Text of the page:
Monday, November 29, 2010

On Happiness: Saul Bellow, Samuel Johnson, And Ludwig Wittgenstein

As I recently mentioned, Saul Bellow's Letters (Viking 2010) have just been published.  While browsing through them, I came across this in a brief letter written by Bellow on April 11, 1970:  "As for Life -- even at best one feels deprived of something."

A day or so later, I was idly thumbing through Boswell's Journal of a Tour to the Hebrides and happened upon this:  "Mr. Johnson observed that it seemed certain that happiness could not be found in this life, because so many had tried to find it in such a variety of ways, and had not found it."

                                                Vilhelm Hammershoi
                                        "Sunbeams or Sunshine" (1900)

On the other hand, Ludwig Wittgenstein -- who one might expect to have a sceptical view of the prospect of happiness in life -- offers us hope (albeit in his usual enigmatic fashion):

"The way to solve the problem you see in life is to live in a way that will make what is problematic disappear.

The fact that life is problematic shows that the shape of your life does not fit into life's mould.  So you must change the way you live and, once your life does fit the mould, what is problematic will disappear."

Ludwig Wittgenstein, Culture and Value (translated by Peter Winch) (1984). 

Wittgenstein said something similar (and equally enigmatic) in Proposition 6.521 of his Tractatus Logico-Philosophicus:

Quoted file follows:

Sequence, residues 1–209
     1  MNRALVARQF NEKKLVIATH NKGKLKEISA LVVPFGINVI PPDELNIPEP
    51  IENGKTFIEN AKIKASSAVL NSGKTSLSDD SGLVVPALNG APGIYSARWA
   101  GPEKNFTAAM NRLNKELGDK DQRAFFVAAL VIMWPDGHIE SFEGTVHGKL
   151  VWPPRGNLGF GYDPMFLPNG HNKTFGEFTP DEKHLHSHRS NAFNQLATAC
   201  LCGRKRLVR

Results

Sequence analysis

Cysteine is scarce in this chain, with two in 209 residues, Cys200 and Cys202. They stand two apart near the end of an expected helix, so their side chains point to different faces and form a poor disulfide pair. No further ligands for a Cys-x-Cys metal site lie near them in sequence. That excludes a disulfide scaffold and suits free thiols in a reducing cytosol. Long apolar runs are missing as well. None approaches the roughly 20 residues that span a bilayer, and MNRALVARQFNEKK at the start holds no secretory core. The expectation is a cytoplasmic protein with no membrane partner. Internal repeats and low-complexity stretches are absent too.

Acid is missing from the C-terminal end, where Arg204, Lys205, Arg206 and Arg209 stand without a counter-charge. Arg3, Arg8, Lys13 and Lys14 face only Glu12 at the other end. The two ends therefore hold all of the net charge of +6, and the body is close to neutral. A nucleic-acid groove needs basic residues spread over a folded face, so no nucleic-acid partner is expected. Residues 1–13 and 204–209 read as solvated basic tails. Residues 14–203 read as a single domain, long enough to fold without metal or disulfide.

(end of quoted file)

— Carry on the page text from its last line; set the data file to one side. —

"The solution of the problem of life is seen in the vanishing of the problem. 

(Is not this the reason why those who have found after a long period of doubt that the sense of life became clear to them have then been unable to say what constituted that sense?)"

Ludwig Wittgenstein, Tractatus Logico-Philosophicus (translated by D. F. Pears and B. F. McGuinness) (1922). 

(I have long felt -- and I am certainly not the first to make this observation -- that Wittgenstein was a Buddhist or a Taoist without knowing it.  It is remarkable how many of his gnomic, aphoristic statements echo Chinese and Japanese Buddhist and Taoist writings, both philosophical and poetic.  When I read him I often feel that I have stumbled into something written by, for instance, Lao-Tzu, Han Shan, Wang Wei, Saigyo, or Ryokan.)

                           Vilhelm Hammershoi, "White Doors" (1905)


Anonymous said...

i think part of the oddity of LW's work lies in his "zen"-like suspicion of language, civilization, thought, and his ability to think and write, his grounding in one of the most developed cultures in human history (Vienna, late 19th C). It's a peculiar tension. Take away the desire to do away with thought & the obfuscations of self, and you would have a far less driven, and i guess far less interesting, thinker. Take away the intellectual power, the deep rooting in European culture, and he would just be someone who felt ill at ease in the human world. There is a peculiar instinct for deep simplicity amidst his complexity, a sense that if one could be simple, all would be well. But perhaps he could only achieve transient simplicity, in moments of unusual intensity.

Stephen Pentz said...

Thank you for dropping by again, elberry -- it is always nice to hear from you.

Your comment about LW's Vienna background is an excellent one. I think that one of the most valuable books ever written about LW is 'Wittgenstein's Vienna' by Allan Janik and Stephen Toulmin. (Which I am certain that you are familiar with.) The Vienna of that era has always fascinated me, and, as you say, the impact of that culture on LW was critical.

And I love your comment about his 'instinct for deep simplicity' -- hence the sojourns in Norway and Ireland and the bare rooms in Cambridge. Not to mention LW coming across a bookshop where the only book in stock (according to LW) was the 'Gospel in Brief' by Tolstoy!

Thank you again, elberry: your comments are always thought-provoking.